More recent productions

    All of these examples are from the twentieth century. Are there any, more-recent examples? Casting my mind back, I remember Jesus being generally cheery and good natured in films such as The Miracle Maker (2000) and Risen (2016) and perhaps even a little self-depricating in such a way as to suggest he doesn't take himself too seriously. But neither contain laughter, humour or jokes. Meanwhile 2006's Color of the Cross, Son of God (2014), Killing Jesus (2015) and Last Days in the Desert (2016) probably reversed the general trend of getting Jesus to lighten up a bit from his earlier silver screen outings, and presented him as a more serious figure. Likewise other non-English language efforts such as Shanti Sandesham (2004),  Jezile (Son of Man, 2006), Su re (2012) and The Savior (2014) also have a more serious-minded approach. There is are a couple of exceptions and like Son of Man (1969) above, both are from British television...

    The Second Coming (2003)

    In 2003 Christopher Ecclestone, the (then) future Doctor Who, starred as the son of God come back to earth as a working class Mancunian. Northern humour was very much part of the mix. In one scene as he speaks to a vast crown he reminds them of scientific breakthroughs with potentially apocalyptic consequences and asks  "Do you think you're reading for that much power?...You lot?....You cheeky bastards!"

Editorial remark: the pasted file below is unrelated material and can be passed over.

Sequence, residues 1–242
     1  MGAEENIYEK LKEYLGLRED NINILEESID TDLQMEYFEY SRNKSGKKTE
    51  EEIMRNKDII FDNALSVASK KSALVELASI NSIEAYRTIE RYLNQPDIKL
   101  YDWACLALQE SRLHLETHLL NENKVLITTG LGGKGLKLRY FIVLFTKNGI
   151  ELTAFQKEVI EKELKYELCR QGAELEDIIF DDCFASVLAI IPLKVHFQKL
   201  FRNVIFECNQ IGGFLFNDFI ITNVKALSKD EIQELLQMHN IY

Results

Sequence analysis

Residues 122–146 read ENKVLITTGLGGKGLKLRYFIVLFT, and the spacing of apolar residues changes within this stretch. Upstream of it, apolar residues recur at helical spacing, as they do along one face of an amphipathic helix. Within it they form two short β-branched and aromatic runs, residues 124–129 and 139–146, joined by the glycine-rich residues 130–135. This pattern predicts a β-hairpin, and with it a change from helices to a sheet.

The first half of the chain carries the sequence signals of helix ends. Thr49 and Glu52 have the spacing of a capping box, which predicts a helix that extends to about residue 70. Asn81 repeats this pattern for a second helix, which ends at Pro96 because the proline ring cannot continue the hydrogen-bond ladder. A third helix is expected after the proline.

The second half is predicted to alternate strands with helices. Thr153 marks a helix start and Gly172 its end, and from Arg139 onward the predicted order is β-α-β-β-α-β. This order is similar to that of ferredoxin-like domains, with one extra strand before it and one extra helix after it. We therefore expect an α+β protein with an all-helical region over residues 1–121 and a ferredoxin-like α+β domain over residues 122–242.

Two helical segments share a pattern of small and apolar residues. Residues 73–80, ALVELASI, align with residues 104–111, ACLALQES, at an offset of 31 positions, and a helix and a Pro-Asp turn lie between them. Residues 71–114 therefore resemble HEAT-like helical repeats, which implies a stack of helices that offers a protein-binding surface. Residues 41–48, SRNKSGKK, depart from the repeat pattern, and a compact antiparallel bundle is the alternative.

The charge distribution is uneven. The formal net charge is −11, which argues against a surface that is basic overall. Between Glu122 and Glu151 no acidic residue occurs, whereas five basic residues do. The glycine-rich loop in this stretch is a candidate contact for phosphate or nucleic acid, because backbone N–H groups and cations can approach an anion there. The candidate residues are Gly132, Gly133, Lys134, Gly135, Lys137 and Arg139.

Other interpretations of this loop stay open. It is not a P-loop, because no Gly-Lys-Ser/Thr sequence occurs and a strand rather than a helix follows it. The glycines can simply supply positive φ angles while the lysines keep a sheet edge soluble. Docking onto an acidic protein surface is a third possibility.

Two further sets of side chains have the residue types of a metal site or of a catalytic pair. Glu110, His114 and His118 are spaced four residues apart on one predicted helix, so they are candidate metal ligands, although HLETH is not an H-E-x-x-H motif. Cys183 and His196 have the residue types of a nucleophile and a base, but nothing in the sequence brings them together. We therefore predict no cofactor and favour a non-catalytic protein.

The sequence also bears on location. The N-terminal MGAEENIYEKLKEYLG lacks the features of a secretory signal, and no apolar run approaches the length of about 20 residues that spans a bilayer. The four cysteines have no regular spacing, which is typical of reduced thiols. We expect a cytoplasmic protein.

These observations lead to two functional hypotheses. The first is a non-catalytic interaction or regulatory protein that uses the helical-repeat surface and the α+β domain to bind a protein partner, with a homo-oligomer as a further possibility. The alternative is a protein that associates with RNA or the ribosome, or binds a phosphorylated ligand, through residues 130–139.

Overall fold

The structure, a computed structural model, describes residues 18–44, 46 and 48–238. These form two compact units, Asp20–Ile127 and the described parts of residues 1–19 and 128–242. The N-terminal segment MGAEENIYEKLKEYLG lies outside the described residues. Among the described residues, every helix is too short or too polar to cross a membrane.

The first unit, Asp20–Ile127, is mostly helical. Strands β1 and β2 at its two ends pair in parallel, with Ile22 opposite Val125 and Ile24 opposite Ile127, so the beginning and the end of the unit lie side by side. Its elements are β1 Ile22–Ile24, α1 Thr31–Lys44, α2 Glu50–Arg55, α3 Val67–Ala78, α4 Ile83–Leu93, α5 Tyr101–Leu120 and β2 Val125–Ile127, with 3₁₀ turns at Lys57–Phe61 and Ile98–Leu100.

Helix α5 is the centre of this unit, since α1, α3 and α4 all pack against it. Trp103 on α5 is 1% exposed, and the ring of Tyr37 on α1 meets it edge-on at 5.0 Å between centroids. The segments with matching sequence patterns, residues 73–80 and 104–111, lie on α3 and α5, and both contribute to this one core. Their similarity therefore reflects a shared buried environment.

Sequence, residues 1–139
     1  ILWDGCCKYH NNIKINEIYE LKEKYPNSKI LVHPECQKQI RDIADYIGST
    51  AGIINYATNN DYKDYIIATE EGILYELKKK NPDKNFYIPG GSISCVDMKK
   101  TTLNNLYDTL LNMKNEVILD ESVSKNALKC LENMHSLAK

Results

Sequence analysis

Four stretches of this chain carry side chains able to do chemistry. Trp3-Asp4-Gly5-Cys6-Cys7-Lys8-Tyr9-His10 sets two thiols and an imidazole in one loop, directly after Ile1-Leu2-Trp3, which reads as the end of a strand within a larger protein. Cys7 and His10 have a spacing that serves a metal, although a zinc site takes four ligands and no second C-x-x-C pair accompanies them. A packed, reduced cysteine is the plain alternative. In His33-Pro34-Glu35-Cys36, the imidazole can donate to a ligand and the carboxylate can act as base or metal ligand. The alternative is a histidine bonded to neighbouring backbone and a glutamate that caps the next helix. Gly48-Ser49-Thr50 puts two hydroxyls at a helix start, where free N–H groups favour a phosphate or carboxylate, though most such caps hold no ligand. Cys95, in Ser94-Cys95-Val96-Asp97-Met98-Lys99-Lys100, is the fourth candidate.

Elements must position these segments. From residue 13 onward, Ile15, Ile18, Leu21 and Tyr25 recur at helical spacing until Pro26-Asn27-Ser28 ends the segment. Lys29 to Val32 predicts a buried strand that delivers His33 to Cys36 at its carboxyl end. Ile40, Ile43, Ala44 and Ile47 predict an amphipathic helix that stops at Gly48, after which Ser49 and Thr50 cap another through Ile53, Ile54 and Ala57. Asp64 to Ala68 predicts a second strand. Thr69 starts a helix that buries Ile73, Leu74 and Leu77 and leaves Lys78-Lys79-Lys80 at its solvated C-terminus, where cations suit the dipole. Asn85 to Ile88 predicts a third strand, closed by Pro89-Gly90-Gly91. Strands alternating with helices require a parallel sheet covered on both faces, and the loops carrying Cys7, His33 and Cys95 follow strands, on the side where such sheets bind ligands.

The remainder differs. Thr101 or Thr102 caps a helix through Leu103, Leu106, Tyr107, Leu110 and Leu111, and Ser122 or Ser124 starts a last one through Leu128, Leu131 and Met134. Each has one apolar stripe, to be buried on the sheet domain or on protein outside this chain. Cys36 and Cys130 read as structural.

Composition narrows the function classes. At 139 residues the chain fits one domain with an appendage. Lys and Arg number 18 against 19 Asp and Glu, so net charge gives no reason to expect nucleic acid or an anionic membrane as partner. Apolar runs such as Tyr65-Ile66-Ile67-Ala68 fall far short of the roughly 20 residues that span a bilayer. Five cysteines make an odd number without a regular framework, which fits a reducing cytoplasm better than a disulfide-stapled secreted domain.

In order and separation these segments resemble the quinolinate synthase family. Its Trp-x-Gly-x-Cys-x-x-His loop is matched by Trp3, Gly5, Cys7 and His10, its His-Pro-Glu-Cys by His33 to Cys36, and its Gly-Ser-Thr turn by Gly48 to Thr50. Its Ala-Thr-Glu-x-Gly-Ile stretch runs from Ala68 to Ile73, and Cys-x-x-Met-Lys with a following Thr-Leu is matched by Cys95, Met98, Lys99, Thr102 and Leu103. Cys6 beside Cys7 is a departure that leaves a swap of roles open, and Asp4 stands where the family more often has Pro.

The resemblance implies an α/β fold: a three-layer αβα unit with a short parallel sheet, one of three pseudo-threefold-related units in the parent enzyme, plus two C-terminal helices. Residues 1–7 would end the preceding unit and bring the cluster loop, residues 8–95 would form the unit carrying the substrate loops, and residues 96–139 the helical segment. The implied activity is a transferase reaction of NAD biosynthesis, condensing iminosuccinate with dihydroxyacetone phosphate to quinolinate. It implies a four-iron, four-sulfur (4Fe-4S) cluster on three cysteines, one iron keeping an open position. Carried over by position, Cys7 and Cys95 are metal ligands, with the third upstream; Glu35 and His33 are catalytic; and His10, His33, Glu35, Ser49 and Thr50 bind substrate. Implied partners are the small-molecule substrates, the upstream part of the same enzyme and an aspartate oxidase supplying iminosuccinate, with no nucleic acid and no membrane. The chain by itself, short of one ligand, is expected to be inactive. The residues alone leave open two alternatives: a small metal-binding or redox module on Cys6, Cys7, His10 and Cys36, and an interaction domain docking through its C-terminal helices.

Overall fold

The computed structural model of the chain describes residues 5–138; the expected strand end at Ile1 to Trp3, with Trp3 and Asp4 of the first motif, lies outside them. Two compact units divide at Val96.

The line that most stays with me comes from the end of the first episode. I won't spoil it for those who haven't seen it (it's currently on the Internet Archive), but even twenty years after watching it I could remember the episode's final line. "Well, maybe two".

    Second Coming is far from a conventional Jesus film, and it's notable that this was an ITV production rather than something from the BBC. This is very much a Jesus who jokes, even if he's arguably more intense than many of the others. Moreover this is a Jesus who jokes and uses humour, but doesn't really smile and laugh that much (and when he does it's slightly unnerving).

    The Passion (2008)

    The Passion first broadcast by the BBC in 2008 contains a few humorous notes in its very first scene. Jesus and the disciples are attempting to buy a donkey and its colt and when their business is done the seller realises who Jesus is. Jesus asks him what he's heard and when the seller mentions overthrowing the Romans Jesus replies "Does this look like an army...apart from John and James". Later Jesus uses sleight of hand to inject a bit of humour into "Give to Caesar what belongs to Caesar" and also to turn some of his questioners cynicism back onto them.